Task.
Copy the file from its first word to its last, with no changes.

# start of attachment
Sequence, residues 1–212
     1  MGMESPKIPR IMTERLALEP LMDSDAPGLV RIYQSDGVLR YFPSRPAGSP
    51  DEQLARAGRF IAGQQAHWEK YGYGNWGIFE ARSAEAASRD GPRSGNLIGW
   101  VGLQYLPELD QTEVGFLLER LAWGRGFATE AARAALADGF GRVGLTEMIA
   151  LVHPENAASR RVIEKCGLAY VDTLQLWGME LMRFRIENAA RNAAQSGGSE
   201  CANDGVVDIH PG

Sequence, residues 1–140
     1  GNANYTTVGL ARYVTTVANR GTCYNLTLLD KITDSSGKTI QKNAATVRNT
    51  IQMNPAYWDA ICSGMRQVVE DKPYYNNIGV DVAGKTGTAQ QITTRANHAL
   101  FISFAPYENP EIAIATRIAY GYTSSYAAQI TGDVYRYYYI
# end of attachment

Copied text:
Sequence, residues 1–212
     1  MGMESPKIPR IMTERLALEP LMDSDAPGLV RIYQSDGVLR YFPSRPAGSP
    51  DEQLARAGRF IAGQQAHWEK YGYGNWGIFE ARSAEAASRD GPRSGNLIGW
   101  VGLQYLPELD QTEVGFLLER LAWGRGFATE AARAALADGF GRVGLTEMIA
   151  LVHPENAASR RVIEKCGLAY VDTLQLWGME LMRFRIENAA RNAAQSGGSE
   201  CANDGVVDIH PG

Sequence, residues 1–140
     1  GNANYTTVGL ARYVTTVANR GTCYNLTLLD KITDSSGKTI QKNAATVRNT
    51  IQMNPAYWDA ICSGMRQVVE DKPYYNNIGV DVAGKTGTAQ QITTRANHAL
   101  FISFAPYENP EIAIATRIAY GYTSSYAAQI TGDVYRYYYI